I'll start with a quote for the day. I fixed pancakes this morning for my husband and daughter. I altered a recipe so that it had four (yes, 4) Type A beneficials. After telling me how good they were and asking for more, my husband said, "Don't tell me what's in them â€˜cause then I wouldn't like them."
If you read my biography or my earlier blogs, you know that I have studied nutrition as a hobby since I was 24 years old. I was frustrated by conflicting studies. Studies said high protein; other studies said complex carbohydrates. Studies said low fat; other studies said eat margarine not butter; other studies said oil not margarine. Studies said juicing is great; other studies said don't juice, you need the fiber.
As a journalist I understand that the good side of Freedom of the Press and Freedom of Speech is that I can form my opinion and express it. The bad side is that a lot of what is out there in books, on the Internet, and in scientific studies is junkâ€¦bad infoâ€¦lies.
When I first read about the BTD, truth just rushed at me. I understood why the studies conflicted. There are four blood types and each has different nutritional needs. I could follow the food lists and keep it simple. I loved it and it worked!
People on the Forum quote a lot of studies. Some of them are really interesting. But I began to feel the conflict again. The defining moment was the thread on eggs. One study said don't scramble your eggs. Another study said don't cook your eggs. Someone else thought raw eggs were dangerous. I left the Forum that day more confused and conflicted than I had been since I started the BTD.
It's taken a few days to work through, but I'm going back to basics. I don't want to be anxious about making all the scientific studies agree. Most of those studies are funded by special interest groups that are trying to influence my purchasing behavior in some way. I want to go back to the freedom of my first months on the BTD. Eggs are neutral for Os. I'm going to eat themâ€”and eat them any way I want to.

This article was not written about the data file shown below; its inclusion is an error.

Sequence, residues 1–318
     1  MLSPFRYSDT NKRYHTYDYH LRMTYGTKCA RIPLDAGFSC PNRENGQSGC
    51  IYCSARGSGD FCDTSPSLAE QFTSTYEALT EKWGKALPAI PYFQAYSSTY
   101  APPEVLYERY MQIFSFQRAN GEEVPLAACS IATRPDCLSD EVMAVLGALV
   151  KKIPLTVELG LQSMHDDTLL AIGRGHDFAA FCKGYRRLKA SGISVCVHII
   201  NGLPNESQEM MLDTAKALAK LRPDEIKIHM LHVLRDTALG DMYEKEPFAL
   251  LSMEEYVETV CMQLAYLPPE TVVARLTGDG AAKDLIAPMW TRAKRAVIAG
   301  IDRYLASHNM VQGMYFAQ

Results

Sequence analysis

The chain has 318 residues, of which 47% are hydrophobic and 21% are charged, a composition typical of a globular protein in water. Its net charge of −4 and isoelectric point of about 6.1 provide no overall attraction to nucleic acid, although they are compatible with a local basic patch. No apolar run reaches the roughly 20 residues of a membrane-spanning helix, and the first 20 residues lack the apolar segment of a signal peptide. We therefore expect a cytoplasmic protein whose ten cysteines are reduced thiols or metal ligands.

Last week I wrote that I had been to a luncheon where Pecan Muffins were served. The original recipe didn't have much flour, relying instead on finely chopped pecans as the main ingredient. Last night I reduced the sugar and substituted kamut flour. I think I could have used rice or oat flour with equally good results. When the first pan of muffins was about half-baked, my husband and daughter suddenly appeared in the kitchen asking, "what smells good?" The muffins were intended for this morning's breakfast, but they could not wait. They ate a few last night and came to breakfast with eager anticipation this morning.
I've submitted the recipe to TYPEbase4. (I got a message that said it might take a day or two for it to be posted. Be patient.) This would be a wonderful addition to a holiday menu. It fills the house with the aroma of pecan pie. I baked them for breakfast, but they could be used as a dessert or an appetizer.
I have neglected baking bread for my Type As lately. Yesterday before I left for school I put a leg of lamb in the oven for me and ingredients for bread in the bread machine for the As. I used an old favorite bread recipe and substituted rye and kamut flours. As I was walking out the door, I peeked in the bread machine and saw A MESS. Instead of a soft ball of dough, there was a crusty blob that the machine could not knead. I guess one of the flours absorbed more moisture than wheat flour. I added a little water. The bread machine began splashing it out of the pan. I pulled the plug and put the mutilated dough in the refrigerator.
When we got home from school, I rescued the dough. I worked in the additional water by hand, put it back in the bread machine, and let it go through the first rise. Then I pulled it out and baked it as dinner rolls. My family loved them. It's probably the most enthusiastic they've been about bread since I started the BTD.
Unfortunately I have no idea how much water I used. I'll make them again, measuring as I go, before I post the recipe.
I wrote last week that I wanted to take exercise to a higher level. I succeeded in doing that. I made sure I exercised for 30 - 40 minutes every day, plus I did the Canadian Air Force 12-minute conditioning exercises every day. By Friday my legs were a little sore, and by Saturday they were noticeably sore.